Dating Dead Men
January 20, 2004
Available in: Hardcover
Los Angeles greeting-card artist and card-and-gift shop manager Wollie Shelley is dating forty men in sixty days as research for radio talk-show host and bestselling author Dr. Cookie Lahven's upcoming book, How to Avoid Getting Dumped All the Time. Wollie is meeting plenty of eligible bachelors but not falling in love, not until she stumbles over a dead body en route to Rio Pescado--a state-run mental hospital--and is momentarily taken hostage by a charismatic "doctor" who is on the run from the Mob. Wollie fears that her beloved brother, a paranoid schizophrenic living at Rio Pescado, is involved in the murder, so rather than go to the authorities, she decides to solve the crime on her own. As she meets up with an array of small-time crooks and swaggering mobsters (many of whom are a lot more affable and only slightly more sinister than the men she's been dating), Wollie realizes that "getting dumped" is the least of her problems. Finding true love, she discovers, sometimes means learning how to avoid getting killed. . . . DATING DEAD MEN will keep readers guessing until the final bullet is shot--and cheering for the irresistible Wollie as she makes her way out of confusion and into the welcoming embrace of Mr. Right.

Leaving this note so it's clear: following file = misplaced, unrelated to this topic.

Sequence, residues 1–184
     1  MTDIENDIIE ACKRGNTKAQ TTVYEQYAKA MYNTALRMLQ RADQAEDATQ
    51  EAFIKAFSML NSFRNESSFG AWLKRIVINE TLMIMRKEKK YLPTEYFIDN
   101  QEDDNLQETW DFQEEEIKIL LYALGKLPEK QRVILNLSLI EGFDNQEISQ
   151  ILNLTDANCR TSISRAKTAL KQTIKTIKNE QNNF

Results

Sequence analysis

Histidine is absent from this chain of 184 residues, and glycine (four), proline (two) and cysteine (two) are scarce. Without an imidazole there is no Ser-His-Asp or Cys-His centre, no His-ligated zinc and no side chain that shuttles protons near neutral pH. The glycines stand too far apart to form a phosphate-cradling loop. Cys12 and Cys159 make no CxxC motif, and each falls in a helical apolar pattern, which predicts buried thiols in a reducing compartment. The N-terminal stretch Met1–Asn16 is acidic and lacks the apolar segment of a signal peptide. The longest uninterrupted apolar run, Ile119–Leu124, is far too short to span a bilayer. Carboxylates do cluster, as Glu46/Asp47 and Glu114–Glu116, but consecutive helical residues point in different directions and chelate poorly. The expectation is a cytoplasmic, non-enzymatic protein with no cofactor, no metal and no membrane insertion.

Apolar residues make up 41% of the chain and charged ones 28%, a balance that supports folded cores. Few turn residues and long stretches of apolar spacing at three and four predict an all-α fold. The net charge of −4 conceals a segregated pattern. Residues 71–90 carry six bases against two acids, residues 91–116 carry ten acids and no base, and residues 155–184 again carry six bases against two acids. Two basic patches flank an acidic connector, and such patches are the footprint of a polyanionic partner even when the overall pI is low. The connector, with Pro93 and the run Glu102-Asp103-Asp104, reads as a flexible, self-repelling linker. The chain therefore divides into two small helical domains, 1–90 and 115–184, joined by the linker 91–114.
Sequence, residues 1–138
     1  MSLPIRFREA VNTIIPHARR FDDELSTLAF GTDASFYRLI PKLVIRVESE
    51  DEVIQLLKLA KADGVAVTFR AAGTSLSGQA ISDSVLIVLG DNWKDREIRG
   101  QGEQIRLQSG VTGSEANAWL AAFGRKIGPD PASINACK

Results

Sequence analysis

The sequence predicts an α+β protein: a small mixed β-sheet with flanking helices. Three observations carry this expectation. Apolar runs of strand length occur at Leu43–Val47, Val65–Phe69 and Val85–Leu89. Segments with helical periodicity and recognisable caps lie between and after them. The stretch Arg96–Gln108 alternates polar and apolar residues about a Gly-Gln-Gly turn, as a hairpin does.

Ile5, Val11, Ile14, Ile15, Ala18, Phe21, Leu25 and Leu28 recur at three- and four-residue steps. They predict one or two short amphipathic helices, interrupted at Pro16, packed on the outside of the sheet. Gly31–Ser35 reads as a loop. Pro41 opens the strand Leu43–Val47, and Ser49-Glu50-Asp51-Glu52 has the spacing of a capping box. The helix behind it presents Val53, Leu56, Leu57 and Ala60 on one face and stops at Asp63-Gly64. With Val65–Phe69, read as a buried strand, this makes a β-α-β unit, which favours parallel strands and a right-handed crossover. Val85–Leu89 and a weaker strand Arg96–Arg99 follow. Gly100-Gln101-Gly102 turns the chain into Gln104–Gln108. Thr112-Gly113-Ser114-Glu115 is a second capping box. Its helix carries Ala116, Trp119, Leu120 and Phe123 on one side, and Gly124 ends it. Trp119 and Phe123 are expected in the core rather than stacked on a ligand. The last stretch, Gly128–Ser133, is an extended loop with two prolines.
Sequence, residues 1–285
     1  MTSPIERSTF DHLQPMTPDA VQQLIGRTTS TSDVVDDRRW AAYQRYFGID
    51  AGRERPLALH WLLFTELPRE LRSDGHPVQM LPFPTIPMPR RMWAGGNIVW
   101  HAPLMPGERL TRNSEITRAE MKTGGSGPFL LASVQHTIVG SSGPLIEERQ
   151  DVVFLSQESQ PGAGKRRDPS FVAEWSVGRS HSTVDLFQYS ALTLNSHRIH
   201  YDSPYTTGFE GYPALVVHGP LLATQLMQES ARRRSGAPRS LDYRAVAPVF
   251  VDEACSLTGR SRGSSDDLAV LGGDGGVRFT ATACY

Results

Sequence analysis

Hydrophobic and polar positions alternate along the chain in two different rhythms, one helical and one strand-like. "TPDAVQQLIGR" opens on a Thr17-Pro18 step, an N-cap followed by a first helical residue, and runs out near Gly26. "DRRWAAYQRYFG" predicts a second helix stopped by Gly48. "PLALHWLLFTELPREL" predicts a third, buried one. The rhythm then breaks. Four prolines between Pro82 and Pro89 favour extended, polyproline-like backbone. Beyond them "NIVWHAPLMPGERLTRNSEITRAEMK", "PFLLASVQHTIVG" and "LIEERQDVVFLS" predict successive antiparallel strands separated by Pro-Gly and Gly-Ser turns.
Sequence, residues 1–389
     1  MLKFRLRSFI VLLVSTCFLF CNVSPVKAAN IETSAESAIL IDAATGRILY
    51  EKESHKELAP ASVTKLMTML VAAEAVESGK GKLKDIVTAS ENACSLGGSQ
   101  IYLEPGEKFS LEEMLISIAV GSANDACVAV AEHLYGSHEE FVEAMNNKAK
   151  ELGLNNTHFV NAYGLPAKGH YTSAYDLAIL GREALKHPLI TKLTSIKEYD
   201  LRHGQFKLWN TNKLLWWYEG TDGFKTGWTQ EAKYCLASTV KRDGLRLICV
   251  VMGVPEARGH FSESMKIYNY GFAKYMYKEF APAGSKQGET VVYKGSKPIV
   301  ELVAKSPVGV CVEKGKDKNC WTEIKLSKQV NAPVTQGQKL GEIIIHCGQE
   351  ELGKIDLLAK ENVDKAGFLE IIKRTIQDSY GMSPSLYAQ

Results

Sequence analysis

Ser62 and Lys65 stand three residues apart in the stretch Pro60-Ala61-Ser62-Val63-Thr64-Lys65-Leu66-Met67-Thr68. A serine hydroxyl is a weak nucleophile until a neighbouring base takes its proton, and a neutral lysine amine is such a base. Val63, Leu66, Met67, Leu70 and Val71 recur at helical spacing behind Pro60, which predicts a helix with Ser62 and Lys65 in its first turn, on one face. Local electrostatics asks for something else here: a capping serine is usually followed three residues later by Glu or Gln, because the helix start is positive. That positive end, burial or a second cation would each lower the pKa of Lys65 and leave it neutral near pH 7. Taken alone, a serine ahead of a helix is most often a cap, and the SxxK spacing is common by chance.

Harley is the youngest of eight children born to Joseph and Dorothy Kozak, an attorney and a music teacher, respectively, in Wilkes-Barre, Pa. When Joe died a year after her birth, Dorothy packed up the children and moved first to North Dakota and then to Nebraska, to teach at the University in Lincoln. Harley’s first stage appearance was at age five in a college opera production of Dido and Aneas. In the fourth grade, she broke gender barriers playing the title character in Benjamin Franklin, and the following year discovered the joys of nepotism, performing on the educational TV show, Music With Mrs. Kozak. In high school she was tap dancing with the Nebraska Repertory Theater, and the summer after her senior year, supported herself full-time with a whopping $55-a-week paycheck earned playing Indian Maiden #2 in The Legend of Daniel Boone in Harrodsburg, Kentucky. With thirty-some plays to her credit, Harley at age 19 headed for the Big Apple and into the professional acting program at NYU’s School of the Arts (now Tisch School of the Arts). After completing the program, she was cast in the feature film The House on Sorority Row. This enabled her to retire her waitress shoes. Then came a trio of principle roles in soaps—Texas, Guiding Light and Santa Barbara—that came to a smashing halt when Harley’s final character (a nun) was crushed to death by the giant neon letter “C.” But that “C” gig had gotten her to L.A., where she went on to star in feature films and prime time television programs. Ten years later she began to write novels, have babies and acquire dogs, cats, fish, and rabbits—and the rest, as they say, is history. Harley currently lives with her family in Southern California, where she’s working on a piece of literary fiction, which is to say, a novel without a dead body. Meanwhile, she’s added teaching, blogging and public speaking to her resumé, exploiting her checkered past.